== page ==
STATE COLLEGE AREA CONTRACT TALKS: Teachers, district seek compromise

Resolution or rejection? State College Area school board to mull merit of fact-finding report; vote set for Monday

mdawson@centredaily.comJanuary 14, 2013 

— Two years of gridlock over a new contract between State College Area teachers and the district will come to a head Monday night.

The State College Area school board will vote to accept or reject a report from a state-appointed arbitrator, who drafted recommendations as a way to resolve the contract dispute. The meeting starts at 7 p.m. in the board room of the Nittany Avenue administration building.

The issues that have held up an agreement are not known, as both sides agreed to keep the nature of their talks confidential throughout the process.

The report was delivered to the district and the teachers’ union last week, and they have until Thursday to vote. If both sides accept the report, the recommendations in the report become the basis for the new contract.

But if either side rejects the report, the report is made public and people will be able to see what the recommendations were and explanations as to why the fact-finder recommended what he did.

Holli Jo Warner, the president of the State College Area Education Association, said the union will meet Tuesday afternoon to review the 38-page report. She does not know if the teachers will vote on Tuesday or later, and she said she has to notify the state of the vote before the result of the vote is made public.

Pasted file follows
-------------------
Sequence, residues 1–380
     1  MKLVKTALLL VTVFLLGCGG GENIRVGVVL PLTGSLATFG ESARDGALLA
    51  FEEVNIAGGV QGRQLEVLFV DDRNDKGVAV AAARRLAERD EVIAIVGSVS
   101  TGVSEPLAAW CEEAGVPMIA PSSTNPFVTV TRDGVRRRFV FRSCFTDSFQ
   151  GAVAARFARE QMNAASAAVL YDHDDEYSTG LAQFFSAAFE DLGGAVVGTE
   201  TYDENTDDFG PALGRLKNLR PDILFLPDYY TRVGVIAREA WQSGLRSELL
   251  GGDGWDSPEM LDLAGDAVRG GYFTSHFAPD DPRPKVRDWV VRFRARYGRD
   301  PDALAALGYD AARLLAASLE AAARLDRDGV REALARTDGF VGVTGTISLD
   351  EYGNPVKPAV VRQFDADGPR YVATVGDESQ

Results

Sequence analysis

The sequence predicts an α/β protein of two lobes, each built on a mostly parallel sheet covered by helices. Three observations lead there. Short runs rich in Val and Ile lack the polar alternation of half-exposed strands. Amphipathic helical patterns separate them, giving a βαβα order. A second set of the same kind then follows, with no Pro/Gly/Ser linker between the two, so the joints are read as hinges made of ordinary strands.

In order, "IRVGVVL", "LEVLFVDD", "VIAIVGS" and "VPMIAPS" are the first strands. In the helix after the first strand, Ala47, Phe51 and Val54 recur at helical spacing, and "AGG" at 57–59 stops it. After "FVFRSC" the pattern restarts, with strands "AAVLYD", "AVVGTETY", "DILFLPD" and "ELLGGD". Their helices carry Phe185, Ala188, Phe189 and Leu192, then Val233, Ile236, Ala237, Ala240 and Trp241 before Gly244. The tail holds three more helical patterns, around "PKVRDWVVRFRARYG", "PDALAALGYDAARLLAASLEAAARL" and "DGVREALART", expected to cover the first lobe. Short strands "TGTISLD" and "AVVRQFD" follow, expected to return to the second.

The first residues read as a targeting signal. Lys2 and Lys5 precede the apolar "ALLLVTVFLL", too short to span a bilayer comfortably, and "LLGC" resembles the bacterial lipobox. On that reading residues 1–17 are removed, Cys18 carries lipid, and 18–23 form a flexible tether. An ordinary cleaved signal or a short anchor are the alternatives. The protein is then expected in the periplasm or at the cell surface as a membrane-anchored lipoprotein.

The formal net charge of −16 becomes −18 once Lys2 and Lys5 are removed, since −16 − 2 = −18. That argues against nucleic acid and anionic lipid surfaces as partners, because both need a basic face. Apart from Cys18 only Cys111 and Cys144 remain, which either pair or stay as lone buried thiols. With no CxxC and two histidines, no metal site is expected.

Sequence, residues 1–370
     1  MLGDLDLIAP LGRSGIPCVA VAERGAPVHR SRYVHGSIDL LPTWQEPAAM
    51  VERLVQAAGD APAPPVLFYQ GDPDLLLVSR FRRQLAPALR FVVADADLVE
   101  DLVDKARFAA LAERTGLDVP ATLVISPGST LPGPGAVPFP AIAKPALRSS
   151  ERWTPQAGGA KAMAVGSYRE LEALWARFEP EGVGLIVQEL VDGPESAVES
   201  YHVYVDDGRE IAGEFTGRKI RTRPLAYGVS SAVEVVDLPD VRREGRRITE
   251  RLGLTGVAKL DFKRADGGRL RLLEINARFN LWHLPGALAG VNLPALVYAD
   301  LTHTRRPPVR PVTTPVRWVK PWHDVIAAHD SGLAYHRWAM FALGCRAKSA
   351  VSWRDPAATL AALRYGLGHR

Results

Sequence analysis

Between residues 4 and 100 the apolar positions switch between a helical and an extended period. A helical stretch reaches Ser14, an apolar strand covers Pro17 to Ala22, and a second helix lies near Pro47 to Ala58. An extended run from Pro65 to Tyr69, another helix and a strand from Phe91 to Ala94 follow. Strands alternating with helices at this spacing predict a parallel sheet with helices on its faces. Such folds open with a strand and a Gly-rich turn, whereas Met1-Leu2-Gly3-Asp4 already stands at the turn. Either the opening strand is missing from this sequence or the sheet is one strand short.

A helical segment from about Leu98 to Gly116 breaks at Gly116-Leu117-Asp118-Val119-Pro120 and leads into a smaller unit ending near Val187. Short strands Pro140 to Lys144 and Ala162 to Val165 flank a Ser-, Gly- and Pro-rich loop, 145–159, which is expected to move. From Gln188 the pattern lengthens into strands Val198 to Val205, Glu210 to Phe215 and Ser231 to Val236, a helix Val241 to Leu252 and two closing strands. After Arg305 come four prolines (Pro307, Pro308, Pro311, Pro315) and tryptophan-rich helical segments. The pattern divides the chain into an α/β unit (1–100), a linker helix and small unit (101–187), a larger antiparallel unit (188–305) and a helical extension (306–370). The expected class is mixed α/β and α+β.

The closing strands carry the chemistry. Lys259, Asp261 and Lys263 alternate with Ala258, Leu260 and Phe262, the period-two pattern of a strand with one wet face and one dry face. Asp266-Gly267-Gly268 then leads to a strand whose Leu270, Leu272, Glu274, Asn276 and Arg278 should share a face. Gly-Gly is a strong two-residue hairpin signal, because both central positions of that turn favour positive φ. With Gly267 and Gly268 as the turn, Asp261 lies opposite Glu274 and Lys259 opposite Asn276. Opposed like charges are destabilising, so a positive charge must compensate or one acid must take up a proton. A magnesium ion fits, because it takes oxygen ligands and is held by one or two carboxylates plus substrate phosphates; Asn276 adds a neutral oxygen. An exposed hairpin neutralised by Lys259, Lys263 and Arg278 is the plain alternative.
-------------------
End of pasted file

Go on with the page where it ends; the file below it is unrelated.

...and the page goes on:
The union needs a majority of their nearly 600 members for a vote to pass.

If one or both of the sides reject the report, a new 10-day period kicks in, and the sides can reconsider accepting the report. The theory behind that, Warner said, is to give the public a chance to read the report and give feedback.

The contract expired June 30, 2011, and the teachers worked the 2011-12 school year without a contract and returned to work for 2012-13 still without a contract. The teachers’ in-service day to start this school year saw them sporting teal blue shirts that read “quality education” and “priceless” in a show of solidarity.

The fact-finder was apparently the last resort. The sides had gone through 30 face-to-face meetings without an agreement, and the district asked the state Labor Relations Board to appoint the fact-finder in late 2011.

The cost to use a fact-finder was $3,745.40, said district spokeswoman Julie Miller.

The district splits half of the cost with the teachers’ union, or $936.35 each, and the state picks up the other half, $1,872.70.

 

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